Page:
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Stunning historic inns in Tuscany’s hilltop towns

The ancient hilltop villages of Tuscany are famous today for their churches, their charm, and their cheeses; for their vineyards and their vampires (the movie version, of course); and certainly for their art and architecture. Some are also blessed with inns so special that they have become Tuscan treasures in their own right. In the small Tuscan towns of Montepulciano and Pienza, you’ll find two such extraordinary properties.  Stylistically, they are as different as can be, yet they have much in common: both structures are centuries old, now family owned, and have been restored and transformed into inns filled with beauty, luxury, love, and respect for the region in which they reside. Il Tosco, Montepulciano, Tuscany In the heart of the stone-walled village of Montepulciano you’ll find a 16th Century “palacio” that has been dramatically updated and converted into a small, classic inn. To be a guest at Il Tosco is to be coddled and cared for by the Barbi family, and, especially, by daughter Elena, the resident manager. Il Tosco The inn has a total of four bedrooms situated in pairs, flanking two separate wings of the inn where each set  adjoins their own spacious living room. Throughout Il Tosco, authentic antiques original to the palacio’s rich past have been painstakingly refinished or recovered in elegant fabrics. Whimsical accent touches abound: some are modern, like the starburst wire chandelier that hovers in one of the living rooms; some are historic, like the scattered vignettes of charmed objects and framed art that reflect Il Tosco’s many lives. Rooms overlook rolling Tuscan hillsides and ghostly morning mists that slither over treetops and the red-tile roofs down below. A feeling of rustic timelessness, of today and yesterday blending in mysterious alignment, is a precious constant. The building’s original ceiling frescoes and 16th Century architectural elements spotlight the past, while tech-smart additions are kept scrupulously up to present standards. There’s something rather mind-melting about thick ancient walls and enormous wooden doors encasing snappy Wifi, a jetted spa bathtub, and flat-screen satellite TV (with adjustments for multi-lingual access). Il Tosco Out of Il Tosco’s kitchen emerge more unexpected pleasures… that is, until a few days pass, and you become accustomed to the continuous parade of fresh, melt-in-your mouth delicacies. Whether you’re swooning over a private dinner prepared by the family chef, or sitting down to a daily breakfast banquet, the dishes are so varied and filled with home-cooked richness that they’re almost sinful.  Then there’s the evening aperitif and antipasto gathering where Elena, trained as a sommelier, selects outstanding regional wines to accompany a selection of traditional Tuscan specialties, many handmade by her mother or sister.  Members of the Barbi family might even stop by to meet you and ensure you’re properly cared for, even if you’re the only guest in the house during the quietest week of winter, as I was. When I arrived at Il Tosco I had planned to stay three nights.  I actually stayed five. That’s because Il Tosco is an “I-don’t-want-to-leave” kind of place, and the Barbis are people to whom it’s very hard to say goodbye. La Bandita Townhouse, Pienza, Tuscany What do you get when you cross a 15th Century nunnery with an ex-Sony Music exec and a travel writer from New York, then toss in a Scottish celebrity chef for good measure?  The result is an ultra-cool, 12-room boutique hotel with a rave-reviewed dining room in the tiny village of Pienza, near Siena. La Bandita Townhouse Owners John Voigtmann and his wife Ondine Cohane scooped up a former convent dating from the village’s founding in 1460 and transformed it into a high design enclave fit for foodies, oenophiles, and city folk who simply can’t leave their hipster havens behind. And that’s okay, because this particular brand of maverick cool is quite simply beautiful, with its honey-toned exposed original brick, massive whitewashed beams, and custom, clean-lined furnishings. La Bandita Townhouse The building was as much a project of excavation as renovation for Voigtmann and Cohane, who saw centuries worth of plaster scraped away to reveal the structural stone walls that now highlight each guestroom.  Darkened terracotta floors were replaced by pale wood to brighten the spaces; these were then dressed-up in white-on-white with little pops of orange to tease the eye. Yet the owners remained true to the property’s roots when sourcing even the modern elements, like metal desks and four-posters, for they were all made in Tuscany. Having collected accolades for both design and the impeccable kitchen overseen by Chef David Mangan, one key item often goes unmentioned when La Bandita appears in the press.  That’s the fact that each and every one of the staff members in this little cottage of cool exudes warmth, attentiveness and professionalism, without a smidgen of snarky hipster ‘tude.  As bend-over-backwards service goes, many 5 star hotels could learn a lesson or two from the exceptional young men and women at La Bandita. While La Bandita Townhouse is luxurious, it’s still minimalist, meaning that a few posh amenities or conveniences are lacking.  But on the plus side, the crisp cool bedding is perfect, and the beds themselves are among the most comfortable in Europe, with “real” king mattresses, thank you! Whatever it may lack in uber luxe, the hotel compensates with over-the-top stylishness, epicurean fabulousness, and the sheer niceness of everyone on hand.  Only the perilously slow and erratic Wifi was a problem for me, and I’d suggest that the owners undertake a version of excavation and renovation of that system, forthwith. After all, a sophisticated, fashionable spot like La Bandita Townhouse really can’t continue to bleed broadband if it wants to maintain its hipster cred.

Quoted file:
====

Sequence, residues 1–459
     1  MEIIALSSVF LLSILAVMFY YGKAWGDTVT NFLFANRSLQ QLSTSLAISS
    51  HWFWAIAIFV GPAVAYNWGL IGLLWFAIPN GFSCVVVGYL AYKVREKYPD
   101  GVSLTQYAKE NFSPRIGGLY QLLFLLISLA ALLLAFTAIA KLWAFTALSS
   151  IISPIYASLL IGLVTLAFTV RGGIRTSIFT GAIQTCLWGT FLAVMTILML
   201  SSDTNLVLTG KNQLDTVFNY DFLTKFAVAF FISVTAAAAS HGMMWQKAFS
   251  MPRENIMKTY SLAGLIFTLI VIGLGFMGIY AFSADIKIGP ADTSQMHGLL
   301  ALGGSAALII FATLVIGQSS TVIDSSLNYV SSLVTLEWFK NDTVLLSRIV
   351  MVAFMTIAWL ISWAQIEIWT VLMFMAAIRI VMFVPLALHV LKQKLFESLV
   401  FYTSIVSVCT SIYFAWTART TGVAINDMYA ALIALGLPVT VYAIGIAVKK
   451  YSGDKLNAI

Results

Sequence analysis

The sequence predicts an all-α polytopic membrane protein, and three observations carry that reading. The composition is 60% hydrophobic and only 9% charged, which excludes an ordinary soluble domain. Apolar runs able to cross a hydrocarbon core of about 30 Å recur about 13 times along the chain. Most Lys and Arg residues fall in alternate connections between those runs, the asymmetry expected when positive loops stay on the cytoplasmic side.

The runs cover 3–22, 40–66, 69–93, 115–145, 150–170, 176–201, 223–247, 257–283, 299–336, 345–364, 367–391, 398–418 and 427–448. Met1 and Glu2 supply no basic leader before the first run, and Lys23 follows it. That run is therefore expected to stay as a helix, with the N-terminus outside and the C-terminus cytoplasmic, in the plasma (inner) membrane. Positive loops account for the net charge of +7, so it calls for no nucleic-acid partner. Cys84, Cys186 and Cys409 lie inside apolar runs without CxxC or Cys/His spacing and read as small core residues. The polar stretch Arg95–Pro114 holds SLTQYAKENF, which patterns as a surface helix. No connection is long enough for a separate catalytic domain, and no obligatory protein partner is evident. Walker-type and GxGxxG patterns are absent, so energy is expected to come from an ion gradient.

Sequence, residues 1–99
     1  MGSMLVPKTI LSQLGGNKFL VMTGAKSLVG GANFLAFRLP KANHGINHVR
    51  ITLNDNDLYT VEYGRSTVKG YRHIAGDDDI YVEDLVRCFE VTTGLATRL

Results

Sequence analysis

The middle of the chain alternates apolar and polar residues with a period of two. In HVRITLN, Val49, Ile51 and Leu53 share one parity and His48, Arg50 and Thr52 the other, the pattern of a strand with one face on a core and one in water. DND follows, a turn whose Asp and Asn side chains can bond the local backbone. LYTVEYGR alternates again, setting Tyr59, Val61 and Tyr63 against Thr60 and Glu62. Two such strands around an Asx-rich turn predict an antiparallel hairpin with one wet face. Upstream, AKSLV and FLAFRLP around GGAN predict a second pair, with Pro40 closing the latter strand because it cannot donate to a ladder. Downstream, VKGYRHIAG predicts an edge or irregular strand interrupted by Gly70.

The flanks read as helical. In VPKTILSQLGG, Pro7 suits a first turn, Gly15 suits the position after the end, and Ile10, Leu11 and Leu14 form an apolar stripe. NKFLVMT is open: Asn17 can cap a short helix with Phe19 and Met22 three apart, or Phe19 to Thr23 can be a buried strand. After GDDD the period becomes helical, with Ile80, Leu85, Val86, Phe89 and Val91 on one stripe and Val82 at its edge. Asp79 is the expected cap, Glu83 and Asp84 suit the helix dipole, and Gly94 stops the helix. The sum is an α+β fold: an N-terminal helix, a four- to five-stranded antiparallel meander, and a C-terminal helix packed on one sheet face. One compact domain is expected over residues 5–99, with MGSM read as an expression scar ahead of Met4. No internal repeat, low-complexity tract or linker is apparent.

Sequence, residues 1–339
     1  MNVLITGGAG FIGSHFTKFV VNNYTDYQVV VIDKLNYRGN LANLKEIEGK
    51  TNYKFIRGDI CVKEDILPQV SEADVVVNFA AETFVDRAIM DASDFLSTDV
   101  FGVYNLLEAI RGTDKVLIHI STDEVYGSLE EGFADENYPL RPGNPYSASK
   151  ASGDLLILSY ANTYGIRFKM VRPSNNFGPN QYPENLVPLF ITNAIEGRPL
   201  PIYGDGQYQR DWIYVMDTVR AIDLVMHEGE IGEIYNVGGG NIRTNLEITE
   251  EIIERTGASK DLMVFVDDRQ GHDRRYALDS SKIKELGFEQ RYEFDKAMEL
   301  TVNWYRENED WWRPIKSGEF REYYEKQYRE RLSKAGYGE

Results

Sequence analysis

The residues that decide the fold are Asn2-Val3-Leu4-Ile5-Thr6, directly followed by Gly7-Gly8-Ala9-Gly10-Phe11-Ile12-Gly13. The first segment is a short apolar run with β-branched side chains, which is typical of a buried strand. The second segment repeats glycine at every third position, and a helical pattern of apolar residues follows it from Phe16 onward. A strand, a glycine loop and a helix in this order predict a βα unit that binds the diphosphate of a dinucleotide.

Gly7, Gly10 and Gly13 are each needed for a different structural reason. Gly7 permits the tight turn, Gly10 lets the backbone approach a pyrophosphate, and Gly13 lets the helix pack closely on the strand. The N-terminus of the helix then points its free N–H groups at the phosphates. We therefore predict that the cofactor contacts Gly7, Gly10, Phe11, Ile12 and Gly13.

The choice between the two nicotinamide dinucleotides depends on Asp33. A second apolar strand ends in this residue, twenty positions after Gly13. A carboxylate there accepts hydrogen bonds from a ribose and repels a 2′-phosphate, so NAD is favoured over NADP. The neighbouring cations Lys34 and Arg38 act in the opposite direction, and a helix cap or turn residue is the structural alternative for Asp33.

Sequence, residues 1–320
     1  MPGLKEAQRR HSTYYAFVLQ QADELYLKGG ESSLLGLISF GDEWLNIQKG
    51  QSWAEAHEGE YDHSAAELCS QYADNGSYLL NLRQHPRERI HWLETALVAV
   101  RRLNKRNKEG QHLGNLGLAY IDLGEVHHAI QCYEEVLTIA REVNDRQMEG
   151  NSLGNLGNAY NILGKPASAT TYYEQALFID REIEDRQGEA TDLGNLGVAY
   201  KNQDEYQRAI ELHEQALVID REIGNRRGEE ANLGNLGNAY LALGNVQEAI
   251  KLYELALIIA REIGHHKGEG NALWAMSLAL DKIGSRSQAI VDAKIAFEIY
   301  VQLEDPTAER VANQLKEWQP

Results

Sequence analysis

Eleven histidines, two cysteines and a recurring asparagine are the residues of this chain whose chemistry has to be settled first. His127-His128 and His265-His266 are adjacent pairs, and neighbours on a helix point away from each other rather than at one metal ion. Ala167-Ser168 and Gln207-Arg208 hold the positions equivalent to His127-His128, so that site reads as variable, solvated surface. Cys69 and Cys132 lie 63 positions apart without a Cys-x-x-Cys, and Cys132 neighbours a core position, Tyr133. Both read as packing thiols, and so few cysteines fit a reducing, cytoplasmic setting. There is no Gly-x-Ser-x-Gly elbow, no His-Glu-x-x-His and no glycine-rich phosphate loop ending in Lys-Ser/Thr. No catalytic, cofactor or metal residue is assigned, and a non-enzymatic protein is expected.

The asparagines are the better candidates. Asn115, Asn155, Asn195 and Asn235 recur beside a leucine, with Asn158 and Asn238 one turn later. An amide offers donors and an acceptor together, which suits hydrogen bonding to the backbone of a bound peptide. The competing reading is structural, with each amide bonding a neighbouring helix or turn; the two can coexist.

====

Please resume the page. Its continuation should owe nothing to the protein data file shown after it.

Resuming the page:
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  1. La Bandita is truly wonderful. When I visited the villa I was struck by the pristine quality of both the villa and its surroundings. The villa is impeccably furnished and the stellar location allows you to enjoy the serenity, tranquility and charm of the true, non commercialized, Tuscany.

  2. Montepulciano is so special because it is much less frequented than its neighboring Montalcino and Chianti areas… and so you feel more welcome. There are some great cheese farms in the area and horseback riding stables and restaurants that continue to amaze, even though I have lived here for 25 years!